Italy and USA
Giorgio Buccellati and Marilyn Kelly-Buccellati
2021 Balzan Prize for Art and Archaeology of the Ancient Near East
Acceptance Speech – Bern, 01.07.2022 (Video)
Mrs. President of the National Council,
Members of the Balzan Foundation,
Ladies and Gentlemen,
Marilyn and I first went to the field together in 1966. We spent one month in Syria, doing a survey in the steppe near Palmyra, and then three months in Iraq, excavating at the ancient site of Nippur. Many other seasons of field work followed, in Iraq, Turkey, Georgia, and especially in Syria, ultimately in the major project at Tell Mozan, ancient Urkesh, where excavations stopped in 2011 at the beginning of the war, at which point we started an intense activity of community archaeology with the local stakeholders.
The Balzan Foundation award comes as the culmination of this effort of ours, which has recently passed its half a century mark. In accepting it, we wish to express our profound gratitude for the recognition it gives of the theoretical and practical implications of our approach. These implications are perfectly embodied in the category in which our award falls: art and archaeology of the ancient Near East. Inverting the sequence of the two terms, we wish now to show how archaeology may be seen as the search for the whole, and art as the resulting whole, one that can have a profound impact not only in academia, but well beyond, within the social texture where archaeology takes place.
Let us reflect on the very notion of what an archaeological “find” is. What we have come to see more and more clearly is that what an archaeologist “finds,” in ways that are unlike any other discovery, is not so much this object or that architectural monument. It is rather the physical association, in the matrix of the earth, of the million bits and pieces that are buried in the accumulation resulting from their own collapse. It is a daunting task to fully understand this extremely complex cultural stratigraphy that is the unique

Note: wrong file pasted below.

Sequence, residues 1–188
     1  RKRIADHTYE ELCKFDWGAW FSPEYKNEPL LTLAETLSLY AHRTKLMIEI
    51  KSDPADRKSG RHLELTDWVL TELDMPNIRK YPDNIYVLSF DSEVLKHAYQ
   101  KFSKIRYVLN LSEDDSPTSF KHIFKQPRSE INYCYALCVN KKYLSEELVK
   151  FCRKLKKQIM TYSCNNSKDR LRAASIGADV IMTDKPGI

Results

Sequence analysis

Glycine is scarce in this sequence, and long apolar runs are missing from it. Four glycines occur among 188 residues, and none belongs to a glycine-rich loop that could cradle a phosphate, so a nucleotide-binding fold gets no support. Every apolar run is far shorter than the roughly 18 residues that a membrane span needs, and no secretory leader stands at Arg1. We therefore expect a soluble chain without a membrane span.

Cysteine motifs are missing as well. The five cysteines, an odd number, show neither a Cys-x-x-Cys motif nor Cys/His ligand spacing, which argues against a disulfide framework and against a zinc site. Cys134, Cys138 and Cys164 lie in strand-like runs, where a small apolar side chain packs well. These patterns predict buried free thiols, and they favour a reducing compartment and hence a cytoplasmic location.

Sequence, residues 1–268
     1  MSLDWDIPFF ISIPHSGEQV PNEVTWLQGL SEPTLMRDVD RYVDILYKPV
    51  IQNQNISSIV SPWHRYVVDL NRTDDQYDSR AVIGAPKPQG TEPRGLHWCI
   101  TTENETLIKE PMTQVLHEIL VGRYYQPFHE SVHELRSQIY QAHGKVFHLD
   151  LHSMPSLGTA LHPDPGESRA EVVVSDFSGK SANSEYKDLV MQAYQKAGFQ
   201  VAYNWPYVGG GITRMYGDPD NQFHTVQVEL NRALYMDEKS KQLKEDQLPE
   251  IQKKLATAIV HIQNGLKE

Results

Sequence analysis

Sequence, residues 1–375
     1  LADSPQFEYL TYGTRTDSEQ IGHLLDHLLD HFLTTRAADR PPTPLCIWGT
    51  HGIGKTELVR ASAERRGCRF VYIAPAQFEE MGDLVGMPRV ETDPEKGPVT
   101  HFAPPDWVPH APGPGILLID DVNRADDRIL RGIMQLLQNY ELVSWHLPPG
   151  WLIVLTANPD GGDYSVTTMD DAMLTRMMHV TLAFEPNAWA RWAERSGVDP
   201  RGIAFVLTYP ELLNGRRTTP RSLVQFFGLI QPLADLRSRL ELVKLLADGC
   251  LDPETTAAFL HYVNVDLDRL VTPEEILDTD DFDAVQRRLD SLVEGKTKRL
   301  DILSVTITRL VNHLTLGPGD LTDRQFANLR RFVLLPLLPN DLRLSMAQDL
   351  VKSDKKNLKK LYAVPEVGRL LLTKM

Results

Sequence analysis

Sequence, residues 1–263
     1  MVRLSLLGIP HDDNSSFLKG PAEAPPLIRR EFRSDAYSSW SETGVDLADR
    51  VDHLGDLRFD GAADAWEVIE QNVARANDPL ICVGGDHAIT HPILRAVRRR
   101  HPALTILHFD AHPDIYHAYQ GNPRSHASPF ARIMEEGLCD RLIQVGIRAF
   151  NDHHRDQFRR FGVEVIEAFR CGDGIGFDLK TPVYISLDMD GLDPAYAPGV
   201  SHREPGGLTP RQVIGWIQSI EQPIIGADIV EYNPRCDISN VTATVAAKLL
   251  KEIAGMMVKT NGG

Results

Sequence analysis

signature of an archaeological site.
All the more so as these bits and pieces, as in most ancient Near Eastern sites, stem from a “broken tradition” – that is, a tradition that has no longer any living carriers. There are, today, no ancient inhabitants of Urkesh capable of telling us what this or that piece means, and thus how it correlates to other bits and pieces.
We only have these mute witnesses, in their physical juxtaposition in the ground. The task of archaeological reason is to recognize patterns that can lead us to attribute meaning, in a valid arguable manner, to these otherwise disjointed remnants of a tradition once alive. Archaeologists, we are called to mend the brokenness.
“Bits and pieces.” The term “bits” brings immediately to mind the digital dimension. And we may in some ways say that archaeology is natively digital. It is so in the first place metaphorically: on an excavation, the myriad fragments come to light in a disaggregate fashion out of the ground, similar to cells in a database. It is then properly digital when the physical record is translated into a referential record, one that accounts for each individual fragment and for its contact association with other fragments. A theoretical concern of mine, and one that has been successfully tested in the website I have created for our project, has been to go beyond the fragments and to create a website conceived as a whole, a website that is not just a container of fragments, however well structured. The Urkesh website proposes instead a digital discourse that interlaces the fragments into a new whole, one that develops a proper digital argument.